FUNDAMENTALS OF ORGAN DONATION

Pathways through which people may become organ and tissue donors can be confusing. Pathways to consent for donation (for yourself) while still alive thereby authorizing action upon your own wishes should no longer be confusing.

A live donor may give a kidney, partial liver, partial lung, partial intestine, or partial pancreas.

A deceased donor may give one or both lungs, a heart, a liver (or 2 pieces of a liver for 2 different recipients), a pancreas, a small intestine, two kidneys, a face, two hands, tissue for up to 50 different recipients.

Organs will not be recovered (procured) for donation unless death has been declared by a physician who has no connection to the organ donation team.

Death may be legally declared on the basis of two different criteria. In the first pathway to organ donation, brain death has occurred and has been formally declared. Very specific criteria must be met including: a body temperature of  >96.8 degrees, exclusion of drug intoxication or poisoning, absence of spontaneous breathing, absence of movement or responsiveness (except for reflexes), absence of brainstem activity.

Not all individuals with severe neurologic injury will end up with death of the brain. Today, many of us have advised our families or healthcare proxies that we would not like to be maintained in vegetative or moribund states. Families are legally and socially supported in decisions to withdraw supportive care in these circumstances. Following such a decision, a family may be approached about organ donation with the following question: “If your loved one dies within one hour of the withdrawal of support (for example, after the breathing tube has been removed) and a physician who is separate from the organ donation team declares that death has occurred because circulation has stopped, can the organs be rapidly removed for the purpose of organ donation? This is donation after circulatory death (DCD).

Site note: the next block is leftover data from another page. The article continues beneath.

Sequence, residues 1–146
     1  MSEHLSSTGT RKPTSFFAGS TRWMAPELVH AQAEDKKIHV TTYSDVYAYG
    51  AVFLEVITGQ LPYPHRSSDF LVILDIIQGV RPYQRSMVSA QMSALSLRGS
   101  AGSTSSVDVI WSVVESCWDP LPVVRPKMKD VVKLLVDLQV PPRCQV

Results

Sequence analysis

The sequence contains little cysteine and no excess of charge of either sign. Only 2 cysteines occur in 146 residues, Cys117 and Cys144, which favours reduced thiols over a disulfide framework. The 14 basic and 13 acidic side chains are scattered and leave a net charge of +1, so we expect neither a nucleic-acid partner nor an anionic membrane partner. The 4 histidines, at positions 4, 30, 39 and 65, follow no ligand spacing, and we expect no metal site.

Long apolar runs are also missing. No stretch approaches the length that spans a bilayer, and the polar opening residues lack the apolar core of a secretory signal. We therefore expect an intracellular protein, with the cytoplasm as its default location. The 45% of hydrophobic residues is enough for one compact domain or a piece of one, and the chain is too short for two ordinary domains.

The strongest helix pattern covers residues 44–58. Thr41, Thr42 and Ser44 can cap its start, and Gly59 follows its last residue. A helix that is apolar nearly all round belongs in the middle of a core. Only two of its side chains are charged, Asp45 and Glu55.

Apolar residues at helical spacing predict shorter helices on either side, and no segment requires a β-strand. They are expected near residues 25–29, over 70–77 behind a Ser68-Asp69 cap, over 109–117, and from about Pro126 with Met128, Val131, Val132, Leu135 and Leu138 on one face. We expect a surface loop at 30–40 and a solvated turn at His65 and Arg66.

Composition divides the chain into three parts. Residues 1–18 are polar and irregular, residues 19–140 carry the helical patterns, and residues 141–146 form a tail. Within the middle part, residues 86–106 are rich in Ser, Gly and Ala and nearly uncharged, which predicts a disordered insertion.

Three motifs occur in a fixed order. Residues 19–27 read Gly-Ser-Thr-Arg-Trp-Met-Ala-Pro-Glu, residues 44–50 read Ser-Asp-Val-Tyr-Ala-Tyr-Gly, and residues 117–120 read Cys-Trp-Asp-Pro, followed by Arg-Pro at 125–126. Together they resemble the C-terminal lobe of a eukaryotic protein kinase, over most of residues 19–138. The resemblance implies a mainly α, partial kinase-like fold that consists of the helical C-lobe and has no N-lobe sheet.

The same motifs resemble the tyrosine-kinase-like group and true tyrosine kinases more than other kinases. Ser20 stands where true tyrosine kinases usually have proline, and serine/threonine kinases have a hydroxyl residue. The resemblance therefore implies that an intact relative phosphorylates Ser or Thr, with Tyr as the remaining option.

When support has been withdrawn from a person with consent for DCD but death does not happen within 60 minutes, organ donation does not occur. The individual will still be expected to die but the focus remains comfort care. No organ recovery takes place because death has not occurred within the timeframe necessary for the organs to remain transplantable.

Brain death is not a natural state. Since a brain dead person does not breathe spontaneously, the heart and other organs (except for the brain whose cells are dead) are kept functional because the person is kept on a ventilator that artificially delivers oxygen into the lungs. However, this is NOT life support because the human being has already died. Thus, 2 references to “life support” in USA TODAY’s 6/15/13 should have been edited. They can still be amended.

The pathway to consenting for organ donation is no longer ambiguous. Each state has its own donor registry. Enrollment now represents legal consent for donation and removes a potentially difficult decision from being your family’s responsibility in the case of your death (at a very difficult and vulnerable time). If you really want to be a donor, please take this step. Only 45% of eligible donors in this country have done so thus far even though 90% of people say they believe organ donation is the right thing to do. Let’s do better.

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